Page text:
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The city-state’s recent deportation of Abdul Somad Batubara, a radical Indonesian Muslim preacher, demonstrates its intolerance for any kind of extremism.
Singapore’s racial and religious fault lines are sharp, reflecting its status as an ethnic Chinese majority state located in what is perceived as a Malay Southeast Asian world. In this context, the deportation this month of Abdul Somad Batubara, a radical Indonesian Muslim preacher, once again demonstrates the nation’s intolerance for any kind of extremism, regardless of its origin.
Who is Abdul Somad Batubara?
A North Sumatran from Asahan, and Batak by ethnicity, Somad, 45, is a well-known preacher who also teaches at the Sultan Syarif Kasim Islamic University in Riau. The internet and social media made him a celebrity, a leading digital preacher, through his literalist interpretations of how Islam should be practiced in Indonesia and abroad. Extremely charismatic with strong oratory skills, his ability to gain traction with his followers stem from his simplistic, yet extreme views on day-to-day aspects of Muslim lives, especially in the context of the rising Islamization of Indonesia. He is also very political, as seen in his endorsement of Prabowo as Indonesia’s president in the 2019 presidential elections. Somad’s Islamist credentials have been enhanced by his higher education in Egypt and Morocco as well as his fluency in Arabic, bolstering his standing against other preachers in the competitive market place of Islam in Indonesia.
Somad’s extreme views include demands that Muslims not patronize non-Muslim retail outlets such as Starbucks. He holds strong anti-LGBT views and has even sanctioned suicide bombings as a means of achieving certain political ends. Somad has also tried to dissuade Muslims from visiting hospitals that display crucifixes, implying a boycott of Christian hospitals and any building or outlet featuring non-Islamic signs and symbols.
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Due to his radical views on Islam and other subjects, Somad has been banned from a number of countries, including the United Kingdom, Germany, Hong Kong, the Netherlands, Switzerland and Timor-Leste. This is largely due to his ultra-conservative interpretations of Islam, which are largely aligned with the outlook of Hizbut Tahrir (HT).
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Somad’s HT-inspired Islamist worldview aims for the establishment of an Islamic Caliphate, for governance to be based on Sharia law, and for all Muslims to be united into a single ummah (community). Somad believes that Muslims are being persecuted worldwide, including in Muslim majority states, and is opposed Western democracy and governance, which he perceives as disadvantaging and undermining Muslims’ interests. While HT ideologues tend to oppose the use of violence, Somad supports violence as a means to an end, especially with regard to the Israel-Palestine conflict.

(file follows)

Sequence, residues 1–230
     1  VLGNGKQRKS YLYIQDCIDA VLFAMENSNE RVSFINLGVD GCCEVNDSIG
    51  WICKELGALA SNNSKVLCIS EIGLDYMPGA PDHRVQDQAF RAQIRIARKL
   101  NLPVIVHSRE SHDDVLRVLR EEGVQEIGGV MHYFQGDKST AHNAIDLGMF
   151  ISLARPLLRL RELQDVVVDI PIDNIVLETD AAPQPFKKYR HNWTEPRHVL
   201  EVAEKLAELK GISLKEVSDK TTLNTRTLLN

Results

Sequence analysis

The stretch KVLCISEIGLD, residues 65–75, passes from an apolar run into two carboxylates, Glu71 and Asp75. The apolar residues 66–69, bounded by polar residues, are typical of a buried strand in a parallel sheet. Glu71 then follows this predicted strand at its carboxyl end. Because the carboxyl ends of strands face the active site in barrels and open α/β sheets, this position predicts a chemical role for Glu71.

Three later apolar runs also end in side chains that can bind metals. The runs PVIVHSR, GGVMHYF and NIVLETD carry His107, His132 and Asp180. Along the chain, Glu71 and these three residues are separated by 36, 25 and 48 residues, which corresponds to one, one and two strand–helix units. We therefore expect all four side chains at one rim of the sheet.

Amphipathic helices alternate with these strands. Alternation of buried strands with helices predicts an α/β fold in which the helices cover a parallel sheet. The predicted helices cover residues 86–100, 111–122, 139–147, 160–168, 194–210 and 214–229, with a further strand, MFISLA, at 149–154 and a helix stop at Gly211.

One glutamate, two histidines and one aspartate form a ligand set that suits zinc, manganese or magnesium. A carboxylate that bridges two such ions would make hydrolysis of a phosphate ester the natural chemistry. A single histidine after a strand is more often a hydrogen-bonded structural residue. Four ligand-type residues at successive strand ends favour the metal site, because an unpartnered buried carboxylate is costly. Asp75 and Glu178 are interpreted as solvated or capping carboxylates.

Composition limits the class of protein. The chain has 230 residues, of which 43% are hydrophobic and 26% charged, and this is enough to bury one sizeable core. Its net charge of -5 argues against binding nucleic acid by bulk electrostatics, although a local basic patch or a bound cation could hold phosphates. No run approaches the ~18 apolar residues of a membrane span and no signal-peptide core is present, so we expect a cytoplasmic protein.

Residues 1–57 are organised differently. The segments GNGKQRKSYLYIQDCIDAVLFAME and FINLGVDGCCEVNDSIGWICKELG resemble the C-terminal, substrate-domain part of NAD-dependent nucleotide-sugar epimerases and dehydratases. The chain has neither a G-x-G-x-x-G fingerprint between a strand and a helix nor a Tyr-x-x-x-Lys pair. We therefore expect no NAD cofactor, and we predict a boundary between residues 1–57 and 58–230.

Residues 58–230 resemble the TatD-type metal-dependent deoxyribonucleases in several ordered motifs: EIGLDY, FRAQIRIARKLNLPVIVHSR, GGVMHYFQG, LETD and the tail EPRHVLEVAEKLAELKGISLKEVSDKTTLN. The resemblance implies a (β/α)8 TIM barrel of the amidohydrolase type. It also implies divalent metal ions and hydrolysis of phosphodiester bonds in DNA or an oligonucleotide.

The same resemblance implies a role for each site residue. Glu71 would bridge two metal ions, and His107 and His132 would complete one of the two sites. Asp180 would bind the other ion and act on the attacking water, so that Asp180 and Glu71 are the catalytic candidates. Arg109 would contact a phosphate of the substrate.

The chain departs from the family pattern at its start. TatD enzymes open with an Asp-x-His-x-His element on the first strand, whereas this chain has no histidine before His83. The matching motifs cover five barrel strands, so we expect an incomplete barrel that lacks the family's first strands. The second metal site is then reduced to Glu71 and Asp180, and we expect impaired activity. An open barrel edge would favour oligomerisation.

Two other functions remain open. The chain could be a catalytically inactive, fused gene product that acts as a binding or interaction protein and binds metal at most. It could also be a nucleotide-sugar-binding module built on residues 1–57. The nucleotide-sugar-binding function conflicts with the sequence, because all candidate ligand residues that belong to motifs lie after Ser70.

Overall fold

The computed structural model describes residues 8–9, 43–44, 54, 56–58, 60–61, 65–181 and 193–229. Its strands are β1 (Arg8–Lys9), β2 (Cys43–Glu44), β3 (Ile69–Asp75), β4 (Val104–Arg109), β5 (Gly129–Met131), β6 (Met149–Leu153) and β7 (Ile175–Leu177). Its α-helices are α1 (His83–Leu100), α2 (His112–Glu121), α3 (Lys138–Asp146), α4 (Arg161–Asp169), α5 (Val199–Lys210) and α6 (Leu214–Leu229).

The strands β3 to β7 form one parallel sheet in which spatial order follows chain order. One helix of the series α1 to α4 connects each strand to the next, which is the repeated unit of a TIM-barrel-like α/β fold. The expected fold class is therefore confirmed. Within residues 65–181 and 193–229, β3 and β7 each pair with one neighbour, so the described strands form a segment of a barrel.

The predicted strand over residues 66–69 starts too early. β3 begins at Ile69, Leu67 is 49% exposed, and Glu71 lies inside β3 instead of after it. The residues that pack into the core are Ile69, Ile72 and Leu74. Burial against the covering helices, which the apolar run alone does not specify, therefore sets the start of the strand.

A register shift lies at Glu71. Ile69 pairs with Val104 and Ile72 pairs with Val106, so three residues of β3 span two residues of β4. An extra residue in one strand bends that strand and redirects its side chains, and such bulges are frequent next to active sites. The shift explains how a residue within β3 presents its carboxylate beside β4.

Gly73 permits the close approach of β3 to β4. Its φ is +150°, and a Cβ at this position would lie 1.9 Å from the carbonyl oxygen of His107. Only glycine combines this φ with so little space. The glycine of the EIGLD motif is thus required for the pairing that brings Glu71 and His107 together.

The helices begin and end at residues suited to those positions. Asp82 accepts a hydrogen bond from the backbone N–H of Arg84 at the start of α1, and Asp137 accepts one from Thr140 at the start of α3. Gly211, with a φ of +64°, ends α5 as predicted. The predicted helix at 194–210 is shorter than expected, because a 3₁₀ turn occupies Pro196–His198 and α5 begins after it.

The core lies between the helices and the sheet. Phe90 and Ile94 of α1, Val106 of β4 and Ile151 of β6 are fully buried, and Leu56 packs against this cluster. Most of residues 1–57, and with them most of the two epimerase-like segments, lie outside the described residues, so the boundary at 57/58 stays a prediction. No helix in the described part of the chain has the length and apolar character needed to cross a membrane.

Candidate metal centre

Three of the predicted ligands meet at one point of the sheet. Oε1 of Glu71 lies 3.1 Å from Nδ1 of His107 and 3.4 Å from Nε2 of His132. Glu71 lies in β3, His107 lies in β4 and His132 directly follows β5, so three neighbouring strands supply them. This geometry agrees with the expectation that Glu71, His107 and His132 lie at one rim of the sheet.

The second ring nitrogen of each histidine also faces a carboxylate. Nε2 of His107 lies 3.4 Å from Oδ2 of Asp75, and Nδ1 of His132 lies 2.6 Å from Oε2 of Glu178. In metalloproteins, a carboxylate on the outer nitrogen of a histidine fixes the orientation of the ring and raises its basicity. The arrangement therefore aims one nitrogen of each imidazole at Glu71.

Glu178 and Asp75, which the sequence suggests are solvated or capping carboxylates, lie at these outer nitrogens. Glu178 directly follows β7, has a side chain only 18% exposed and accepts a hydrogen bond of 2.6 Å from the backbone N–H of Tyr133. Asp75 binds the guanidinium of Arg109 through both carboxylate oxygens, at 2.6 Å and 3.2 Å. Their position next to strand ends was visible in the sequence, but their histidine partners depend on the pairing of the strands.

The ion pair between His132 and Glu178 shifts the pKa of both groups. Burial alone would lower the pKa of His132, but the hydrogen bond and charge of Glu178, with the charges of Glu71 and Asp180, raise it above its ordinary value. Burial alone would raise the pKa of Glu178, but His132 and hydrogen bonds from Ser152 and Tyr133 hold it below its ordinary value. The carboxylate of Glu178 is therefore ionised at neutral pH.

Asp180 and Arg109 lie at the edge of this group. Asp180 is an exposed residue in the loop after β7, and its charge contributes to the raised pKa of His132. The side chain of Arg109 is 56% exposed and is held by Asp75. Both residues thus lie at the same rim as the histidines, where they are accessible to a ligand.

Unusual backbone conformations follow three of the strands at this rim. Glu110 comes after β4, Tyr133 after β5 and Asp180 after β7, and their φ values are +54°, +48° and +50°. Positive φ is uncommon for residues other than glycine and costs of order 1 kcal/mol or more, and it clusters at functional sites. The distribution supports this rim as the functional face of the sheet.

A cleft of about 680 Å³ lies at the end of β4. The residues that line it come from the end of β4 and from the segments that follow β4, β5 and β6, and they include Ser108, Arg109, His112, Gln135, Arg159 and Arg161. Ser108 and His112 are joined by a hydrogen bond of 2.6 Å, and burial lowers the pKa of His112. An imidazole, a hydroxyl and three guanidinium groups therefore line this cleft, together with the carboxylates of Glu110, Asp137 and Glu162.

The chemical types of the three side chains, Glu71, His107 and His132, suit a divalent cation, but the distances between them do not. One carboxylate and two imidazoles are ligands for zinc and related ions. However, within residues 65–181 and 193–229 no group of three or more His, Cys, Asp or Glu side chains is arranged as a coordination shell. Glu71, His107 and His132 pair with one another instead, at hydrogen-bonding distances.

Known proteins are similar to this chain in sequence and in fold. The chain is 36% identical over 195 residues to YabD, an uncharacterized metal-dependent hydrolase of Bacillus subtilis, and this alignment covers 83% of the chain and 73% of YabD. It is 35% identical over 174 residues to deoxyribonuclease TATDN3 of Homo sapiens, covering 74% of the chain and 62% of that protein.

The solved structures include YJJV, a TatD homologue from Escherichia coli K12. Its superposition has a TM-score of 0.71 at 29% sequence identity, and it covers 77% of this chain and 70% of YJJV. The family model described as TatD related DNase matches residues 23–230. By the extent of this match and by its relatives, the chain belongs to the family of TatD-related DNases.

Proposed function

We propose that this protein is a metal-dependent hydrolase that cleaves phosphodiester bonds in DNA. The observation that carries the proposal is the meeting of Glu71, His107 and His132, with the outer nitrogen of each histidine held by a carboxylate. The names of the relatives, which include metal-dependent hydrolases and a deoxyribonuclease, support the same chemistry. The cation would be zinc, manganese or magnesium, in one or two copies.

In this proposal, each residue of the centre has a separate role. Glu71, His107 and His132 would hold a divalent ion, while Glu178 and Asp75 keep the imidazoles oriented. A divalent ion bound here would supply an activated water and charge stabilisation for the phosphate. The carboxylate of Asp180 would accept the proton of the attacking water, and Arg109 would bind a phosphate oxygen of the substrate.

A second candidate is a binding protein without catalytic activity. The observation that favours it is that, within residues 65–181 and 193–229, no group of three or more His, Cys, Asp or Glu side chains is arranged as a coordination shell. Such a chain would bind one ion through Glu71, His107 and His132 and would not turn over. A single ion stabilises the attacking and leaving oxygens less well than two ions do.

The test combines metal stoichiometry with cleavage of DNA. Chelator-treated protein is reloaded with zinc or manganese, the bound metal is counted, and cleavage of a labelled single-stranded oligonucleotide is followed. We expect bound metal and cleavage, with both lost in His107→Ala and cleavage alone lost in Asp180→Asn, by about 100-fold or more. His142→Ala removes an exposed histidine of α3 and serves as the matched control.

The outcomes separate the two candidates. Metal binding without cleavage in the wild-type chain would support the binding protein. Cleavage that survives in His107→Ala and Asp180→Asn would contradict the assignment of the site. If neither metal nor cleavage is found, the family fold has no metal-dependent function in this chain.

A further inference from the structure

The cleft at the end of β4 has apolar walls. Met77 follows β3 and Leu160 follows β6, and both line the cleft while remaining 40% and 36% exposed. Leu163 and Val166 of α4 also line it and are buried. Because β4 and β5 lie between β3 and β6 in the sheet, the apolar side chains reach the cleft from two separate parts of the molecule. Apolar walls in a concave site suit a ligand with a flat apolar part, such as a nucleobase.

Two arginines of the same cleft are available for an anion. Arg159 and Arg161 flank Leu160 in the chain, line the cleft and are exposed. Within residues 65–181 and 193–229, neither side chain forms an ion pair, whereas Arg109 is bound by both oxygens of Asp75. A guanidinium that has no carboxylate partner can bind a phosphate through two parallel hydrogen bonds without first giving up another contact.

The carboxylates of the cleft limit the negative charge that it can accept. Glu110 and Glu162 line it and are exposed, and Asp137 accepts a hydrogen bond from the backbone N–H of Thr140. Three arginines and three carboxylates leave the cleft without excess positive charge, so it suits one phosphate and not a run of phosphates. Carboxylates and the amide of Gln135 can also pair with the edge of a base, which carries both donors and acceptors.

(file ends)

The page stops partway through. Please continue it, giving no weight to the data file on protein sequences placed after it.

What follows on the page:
Singapore and the ‘Somad Affair’
On May 16, Somad and six others entered Singapore by ferry from Batam, an Indonesian island off the southern coast of Singapore, ostensibly for a holiday, including to celebrate Somad’s birthday which falls on May 18. On reaching Singapore, Somad and the others were questioned by the immigration authorities and deported to Batam for their past extremist views on Islam and the radical actions that Somad had called for, including in the Middle East.
Singapore has banned other radical preachers in the past, both Muslims and non-Muslims, for their radical views. Following his deportation, Somad and his followers criticized Singapore on a number of counts, including that the city-state was an illegal creation as it was founded by the Western colonial power on land that belonged to the Malays, that most of Singaporeans were migrants and not natives, and that the Malays would reconquer Singapore and reclaim what was theirs. He added that Singapore should be made to feel the pain that it has inflicted on others, especially the native Malay-Muslims, and that Singapore could be easily sunk by the 270 million Indonesian Muslims urinating on it. Somad’s supporters also talked of Singapore deserving a 9/11-style attack for its impudence and anti-Malay-Muslim policies.
In protest against Somad’s deportation, the preacher’s supporters took to the social media to condemn the Singaporean authorities, including writing to various government office holders, including President Halimah Yacob, herself a Muslim. Somad’s supporters also demonstrated outside Singapore’s consulate in Medan, Sumatra and outside the country’s embassy in Jakarta. Singapore was condemned for allegedly pursuing Islamophobia policies, including against preachers such as Somad.